Box reader gv27 posted the following nifty tidbit in last night's What's In a Number thread. I started out writing a comment in response, got all carried away, and thought I'd better post it separately.
I thought I'd share an oddity I found while flipping through the Baseball Encyclopedia. Certainly, this doesn't happen often. I found three players who drove in 100-runs in a season while hitting LESS then 10 home runs. Check this out:
Bill Brubaker ('36 Pirates): 6-HR 102-RBI
Bob Elliott ('45 Pirates): 8-HR 108-RBI
Tommy Herr ('85 Cardinals): 8-HR 110-RBI
Tommie Herr! I remember Bill James writing about that at the time. Something to the effect of "it's not because Vince Coleman hits in front of him, it's just a fluke."
Of course, it wasn't always a fluke. Before 1920, this happened all the time. Honus Wagner drove in 100+ runs 9 times, but his season high in HRs was 10, which he did twice.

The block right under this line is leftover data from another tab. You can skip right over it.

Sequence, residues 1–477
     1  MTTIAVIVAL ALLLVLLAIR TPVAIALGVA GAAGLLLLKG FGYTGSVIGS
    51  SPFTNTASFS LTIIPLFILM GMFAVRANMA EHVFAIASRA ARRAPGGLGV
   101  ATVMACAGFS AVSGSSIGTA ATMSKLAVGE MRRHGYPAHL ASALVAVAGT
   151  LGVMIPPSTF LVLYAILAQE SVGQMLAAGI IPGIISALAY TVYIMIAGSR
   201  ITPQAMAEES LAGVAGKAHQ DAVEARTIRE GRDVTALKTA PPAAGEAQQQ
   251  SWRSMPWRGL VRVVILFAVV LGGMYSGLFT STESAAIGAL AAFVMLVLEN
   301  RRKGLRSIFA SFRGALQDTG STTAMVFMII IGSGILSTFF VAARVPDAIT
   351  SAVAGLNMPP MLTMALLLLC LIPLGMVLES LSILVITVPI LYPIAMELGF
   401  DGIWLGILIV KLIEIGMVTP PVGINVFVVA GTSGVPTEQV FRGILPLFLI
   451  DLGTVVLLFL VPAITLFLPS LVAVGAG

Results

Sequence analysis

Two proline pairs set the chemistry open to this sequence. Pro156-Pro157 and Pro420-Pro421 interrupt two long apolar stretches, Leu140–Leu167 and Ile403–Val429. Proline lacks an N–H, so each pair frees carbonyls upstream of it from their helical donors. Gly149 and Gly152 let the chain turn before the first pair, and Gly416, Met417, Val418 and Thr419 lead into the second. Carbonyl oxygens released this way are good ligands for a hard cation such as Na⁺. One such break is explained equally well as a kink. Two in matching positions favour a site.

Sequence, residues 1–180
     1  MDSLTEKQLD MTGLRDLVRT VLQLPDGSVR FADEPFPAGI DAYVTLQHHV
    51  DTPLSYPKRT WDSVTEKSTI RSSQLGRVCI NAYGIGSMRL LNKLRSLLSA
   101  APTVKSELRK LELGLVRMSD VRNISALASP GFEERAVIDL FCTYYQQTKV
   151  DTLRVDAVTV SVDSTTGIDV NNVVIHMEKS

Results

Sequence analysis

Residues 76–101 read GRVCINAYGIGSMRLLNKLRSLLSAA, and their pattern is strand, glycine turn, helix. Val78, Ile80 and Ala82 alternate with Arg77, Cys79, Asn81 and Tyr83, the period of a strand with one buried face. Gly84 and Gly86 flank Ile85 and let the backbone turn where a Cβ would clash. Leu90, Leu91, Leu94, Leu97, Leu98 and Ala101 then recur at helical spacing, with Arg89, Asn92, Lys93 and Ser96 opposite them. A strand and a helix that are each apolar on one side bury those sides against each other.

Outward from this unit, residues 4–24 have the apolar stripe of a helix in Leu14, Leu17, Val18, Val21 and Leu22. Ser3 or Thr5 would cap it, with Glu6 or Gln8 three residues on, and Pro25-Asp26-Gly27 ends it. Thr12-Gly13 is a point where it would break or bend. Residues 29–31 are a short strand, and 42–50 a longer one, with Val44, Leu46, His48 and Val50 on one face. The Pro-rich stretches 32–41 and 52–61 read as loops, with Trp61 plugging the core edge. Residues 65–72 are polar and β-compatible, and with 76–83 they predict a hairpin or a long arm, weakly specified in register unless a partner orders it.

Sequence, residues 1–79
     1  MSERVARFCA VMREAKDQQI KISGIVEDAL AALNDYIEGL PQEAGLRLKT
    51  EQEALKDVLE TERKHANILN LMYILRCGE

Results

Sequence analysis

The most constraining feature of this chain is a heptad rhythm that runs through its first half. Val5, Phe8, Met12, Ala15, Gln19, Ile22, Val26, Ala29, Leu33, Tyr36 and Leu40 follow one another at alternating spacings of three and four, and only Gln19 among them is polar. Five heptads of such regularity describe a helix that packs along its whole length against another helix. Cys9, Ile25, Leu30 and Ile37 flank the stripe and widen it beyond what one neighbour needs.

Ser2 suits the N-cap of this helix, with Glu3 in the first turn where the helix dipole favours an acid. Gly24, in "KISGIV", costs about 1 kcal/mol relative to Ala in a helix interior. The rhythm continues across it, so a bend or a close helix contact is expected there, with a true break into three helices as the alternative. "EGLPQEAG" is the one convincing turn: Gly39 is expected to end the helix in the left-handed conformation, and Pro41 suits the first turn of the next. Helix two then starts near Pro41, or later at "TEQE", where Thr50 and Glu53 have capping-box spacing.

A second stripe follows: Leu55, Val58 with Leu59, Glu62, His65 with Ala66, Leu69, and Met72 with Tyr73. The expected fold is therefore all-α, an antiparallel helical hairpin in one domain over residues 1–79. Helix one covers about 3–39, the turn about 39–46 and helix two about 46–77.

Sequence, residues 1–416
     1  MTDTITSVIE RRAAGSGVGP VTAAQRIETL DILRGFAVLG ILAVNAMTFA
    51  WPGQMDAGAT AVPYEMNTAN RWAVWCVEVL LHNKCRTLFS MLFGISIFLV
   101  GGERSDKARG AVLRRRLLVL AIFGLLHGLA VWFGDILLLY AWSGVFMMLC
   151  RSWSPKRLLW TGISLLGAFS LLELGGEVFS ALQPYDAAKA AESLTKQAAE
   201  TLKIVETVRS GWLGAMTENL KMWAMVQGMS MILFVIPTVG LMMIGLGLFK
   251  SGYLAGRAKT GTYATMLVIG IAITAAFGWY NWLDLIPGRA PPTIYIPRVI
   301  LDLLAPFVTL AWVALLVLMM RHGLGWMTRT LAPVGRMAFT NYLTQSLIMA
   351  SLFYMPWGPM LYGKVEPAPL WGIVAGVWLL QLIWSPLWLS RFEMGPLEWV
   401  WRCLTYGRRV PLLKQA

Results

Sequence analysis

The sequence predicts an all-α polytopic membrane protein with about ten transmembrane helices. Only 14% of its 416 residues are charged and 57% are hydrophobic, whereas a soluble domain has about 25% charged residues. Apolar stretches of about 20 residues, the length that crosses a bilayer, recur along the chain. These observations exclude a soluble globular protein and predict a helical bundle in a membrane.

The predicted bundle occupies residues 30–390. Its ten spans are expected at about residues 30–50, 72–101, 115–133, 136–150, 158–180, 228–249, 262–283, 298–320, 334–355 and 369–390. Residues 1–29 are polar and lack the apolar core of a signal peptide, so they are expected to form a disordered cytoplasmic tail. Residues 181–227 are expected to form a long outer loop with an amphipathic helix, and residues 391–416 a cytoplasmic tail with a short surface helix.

How did he do it? Well, he was Honus Wagner, for one thing. Wagner was a slugger - he led the NL in slugging pct. six times, and was 2nd three more times.
The last time Wagner drove in 100 runs was 1912, when he led the league with 102. (I know everything about 1912, as is well known.) What was different then?
Triples, for one thing. A great slugger, like Wagner, hit lots of triples. In 1912, Wagner had 20 3B and 7 HR. Granted you don't drive in quite as many runners with a triple, because you're not driving yourself in. But otherwise a triple does just as thorough a job as a HR of clearing the bases.
In 2004, NL teams averaged 4.64 runs per game, which is happily very close to the 1912 average of 4.62 runs per game. But in 2004, NL teams averaged 177 HR; in 1912, they averaged 36 HR. How did they get the same number of runs across the plate? As we shall see, other types of extra base hits aren't the answer.
In 1912, NL teams were averaging 9.1 hits and 3.2 walks per game: 12.3 runners. In 2004, those numbers were 9.0 hits and 3.4 walks: 12.4 runners. Nevertheless, the hit component was significantly different, and in such a way as to lead us to expect many many more runs from 2004 teams.